The phone selection is often limited with prepaid carriers. While most prepaid carriers will also welcome almost any compatible phone that you supply yourself, some might not let you activate certain devices. As with most things, it pays to read the fine print before signing up. If a plan's limitations aren't an issue for how you use your phone, a prepaid plan can make a ton of sense. And if you decide a plan or carrier isn't working out for you, the lack of a contract means that you aren't stuck in that relationship.

Prepaid service is available from a variety of sources. All four of the nationwide carriers offer prepaid service under their own brands. Three of the carriers (Verizon is the exception) own separate brands, with their own customer service departments and retail operations. For example, Virgin Mobile and Boost Mobile are owned by Sprint and use Sprint's network, while Cricket is owned by AT&T, and MetroPCS is owned by T-Mobile. Service is also available through MVNOs (Mobile Virtual Network Operators) that cobble together service by buying access at wholesale from the major nationwide providers and reselling it. For example, Straight Talk buys access from AT&T, Verizon, T-Mobile and Sprint; the carrier you use will depend on the phone you select to use with the service.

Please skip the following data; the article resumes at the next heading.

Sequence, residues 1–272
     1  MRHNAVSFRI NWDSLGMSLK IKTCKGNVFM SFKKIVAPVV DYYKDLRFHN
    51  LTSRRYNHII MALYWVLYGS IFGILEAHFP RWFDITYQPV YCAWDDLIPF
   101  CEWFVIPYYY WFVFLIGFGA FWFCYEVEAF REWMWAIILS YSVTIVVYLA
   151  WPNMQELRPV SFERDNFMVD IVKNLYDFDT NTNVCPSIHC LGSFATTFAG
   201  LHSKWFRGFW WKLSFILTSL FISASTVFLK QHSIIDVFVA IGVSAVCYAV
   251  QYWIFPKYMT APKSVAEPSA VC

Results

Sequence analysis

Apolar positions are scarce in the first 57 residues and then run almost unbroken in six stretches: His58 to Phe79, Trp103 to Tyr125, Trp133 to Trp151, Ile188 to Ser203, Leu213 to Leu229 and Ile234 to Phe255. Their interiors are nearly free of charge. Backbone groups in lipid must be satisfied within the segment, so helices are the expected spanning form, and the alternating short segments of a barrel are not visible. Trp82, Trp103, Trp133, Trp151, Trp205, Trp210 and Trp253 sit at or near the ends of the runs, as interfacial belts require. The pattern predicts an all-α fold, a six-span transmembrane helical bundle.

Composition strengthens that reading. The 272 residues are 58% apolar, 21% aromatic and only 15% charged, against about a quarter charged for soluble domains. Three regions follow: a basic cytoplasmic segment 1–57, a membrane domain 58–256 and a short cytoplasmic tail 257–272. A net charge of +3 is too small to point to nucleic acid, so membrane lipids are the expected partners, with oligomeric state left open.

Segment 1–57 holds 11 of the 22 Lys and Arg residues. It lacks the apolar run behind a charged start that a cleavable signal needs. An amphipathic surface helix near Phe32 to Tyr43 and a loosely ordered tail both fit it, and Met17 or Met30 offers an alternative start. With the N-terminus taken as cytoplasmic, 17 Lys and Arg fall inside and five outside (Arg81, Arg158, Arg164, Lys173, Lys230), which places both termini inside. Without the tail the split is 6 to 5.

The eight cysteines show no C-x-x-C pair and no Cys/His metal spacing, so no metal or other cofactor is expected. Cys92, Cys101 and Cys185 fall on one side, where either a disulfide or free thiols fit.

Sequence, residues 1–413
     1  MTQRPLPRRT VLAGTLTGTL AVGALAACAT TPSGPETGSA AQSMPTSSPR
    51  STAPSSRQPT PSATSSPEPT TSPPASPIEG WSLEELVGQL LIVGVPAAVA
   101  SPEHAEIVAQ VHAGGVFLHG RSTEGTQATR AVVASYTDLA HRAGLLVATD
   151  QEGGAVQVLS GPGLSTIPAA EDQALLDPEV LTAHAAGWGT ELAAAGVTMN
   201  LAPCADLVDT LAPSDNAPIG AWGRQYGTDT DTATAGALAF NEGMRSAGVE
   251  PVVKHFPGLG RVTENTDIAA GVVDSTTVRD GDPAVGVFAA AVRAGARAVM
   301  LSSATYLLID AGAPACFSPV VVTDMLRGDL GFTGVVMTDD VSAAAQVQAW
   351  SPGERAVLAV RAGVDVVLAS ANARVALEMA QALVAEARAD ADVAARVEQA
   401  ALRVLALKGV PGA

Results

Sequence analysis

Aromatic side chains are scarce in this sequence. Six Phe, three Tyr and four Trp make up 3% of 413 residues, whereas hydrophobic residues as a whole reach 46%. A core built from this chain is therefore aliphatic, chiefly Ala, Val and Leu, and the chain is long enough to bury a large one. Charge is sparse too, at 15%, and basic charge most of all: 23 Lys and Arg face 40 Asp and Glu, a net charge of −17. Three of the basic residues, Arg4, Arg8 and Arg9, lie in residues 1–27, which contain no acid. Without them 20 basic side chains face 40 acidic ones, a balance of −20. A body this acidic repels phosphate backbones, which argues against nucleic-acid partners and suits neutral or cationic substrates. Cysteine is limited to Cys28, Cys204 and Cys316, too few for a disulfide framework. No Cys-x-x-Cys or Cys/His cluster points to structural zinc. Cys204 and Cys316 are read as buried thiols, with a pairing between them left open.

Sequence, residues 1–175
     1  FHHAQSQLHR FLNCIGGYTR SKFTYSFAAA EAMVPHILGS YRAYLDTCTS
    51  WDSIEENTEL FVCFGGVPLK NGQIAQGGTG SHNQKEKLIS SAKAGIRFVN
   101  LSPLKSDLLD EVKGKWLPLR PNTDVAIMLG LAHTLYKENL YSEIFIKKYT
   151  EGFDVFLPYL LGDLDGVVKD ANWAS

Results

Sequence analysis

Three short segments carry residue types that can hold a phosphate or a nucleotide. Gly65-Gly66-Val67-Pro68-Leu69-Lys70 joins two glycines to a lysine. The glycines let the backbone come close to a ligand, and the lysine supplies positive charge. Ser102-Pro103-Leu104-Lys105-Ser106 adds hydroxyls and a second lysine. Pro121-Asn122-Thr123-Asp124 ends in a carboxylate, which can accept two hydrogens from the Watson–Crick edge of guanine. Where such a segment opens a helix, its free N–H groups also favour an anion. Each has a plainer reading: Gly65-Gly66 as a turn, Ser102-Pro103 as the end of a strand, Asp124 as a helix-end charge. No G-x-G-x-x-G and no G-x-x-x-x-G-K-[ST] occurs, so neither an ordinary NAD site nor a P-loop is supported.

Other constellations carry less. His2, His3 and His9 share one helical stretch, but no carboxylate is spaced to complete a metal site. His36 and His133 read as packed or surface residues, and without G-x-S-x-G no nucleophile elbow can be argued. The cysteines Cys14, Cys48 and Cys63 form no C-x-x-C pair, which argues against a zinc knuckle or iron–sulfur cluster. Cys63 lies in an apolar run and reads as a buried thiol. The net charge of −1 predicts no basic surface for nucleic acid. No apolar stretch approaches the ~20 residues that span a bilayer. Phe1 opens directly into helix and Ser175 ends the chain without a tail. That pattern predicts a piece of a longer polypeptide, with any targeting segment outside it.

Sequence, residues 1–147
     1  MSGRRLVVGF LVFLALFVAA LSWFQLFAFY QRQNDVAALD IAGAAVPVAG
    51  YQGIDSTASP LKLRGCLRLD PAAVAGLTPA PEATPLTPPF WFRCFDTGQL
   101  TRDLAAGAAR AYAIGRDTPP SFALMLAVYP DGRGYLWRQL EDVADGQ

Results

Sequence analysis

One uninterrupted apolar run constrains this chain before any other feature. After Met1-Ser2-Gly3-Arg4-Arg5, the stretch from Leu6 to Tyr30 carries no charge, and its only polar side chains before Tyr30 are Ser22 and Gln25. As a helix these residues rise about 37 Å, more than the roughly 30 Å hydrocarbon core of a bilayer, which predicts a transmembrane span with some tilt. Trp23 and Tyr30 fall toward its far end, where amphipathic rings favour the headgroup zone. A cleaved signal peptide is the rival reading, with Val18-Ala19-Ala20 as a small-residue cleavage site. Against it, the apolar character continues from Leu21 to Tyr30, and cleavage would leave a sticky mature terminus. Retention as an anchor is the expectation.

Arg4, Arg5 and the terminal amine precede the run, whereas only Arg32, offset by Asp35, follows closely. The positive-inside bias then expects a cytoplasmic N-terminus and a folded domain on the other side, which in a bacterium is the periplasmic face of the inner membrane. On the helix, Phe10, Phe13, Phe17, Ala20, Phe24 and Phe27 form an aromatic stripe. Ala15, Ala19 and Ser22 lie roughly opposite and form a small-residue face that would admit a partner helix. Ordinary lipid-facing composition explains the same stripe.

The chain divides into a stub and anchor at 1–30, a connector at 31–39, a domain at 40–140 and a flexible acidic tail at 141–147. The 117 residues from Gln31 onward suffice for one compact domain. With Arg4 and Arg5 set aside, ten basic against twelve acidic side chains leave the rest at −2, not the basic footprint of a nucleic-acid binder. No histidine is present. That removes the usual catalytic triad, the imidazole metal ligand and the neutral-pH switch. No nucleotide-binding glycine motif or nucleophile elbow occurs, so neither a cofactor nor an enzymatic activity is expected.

Finding The Best Prepaid Cell Phone Plans

To find the best prepaid cell phone providers, we looked at large customer-satisfaction surveys, such as those conducted by ConsumerReports.org, J.D. Power and Associates and PCMag.com. We also looked at reviews and comparison articles at sites such as Tom's Guide, TopTenReviews.com, PrepaidPhoneNews.com and others. We evaluate carriers on their plans, but also on factors such as network performance and the quality of their customer service to find the best prepaid cell phone plans, along with a few alternate choices that could be worth considering.

Elsewhere In This Report
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Prepaid Cell Phone Plans buying guide

What every best Prepaid Cell Phone Plans has:

  • Good selection of phones.
  • Wide coverage.
  • Responsive customer service.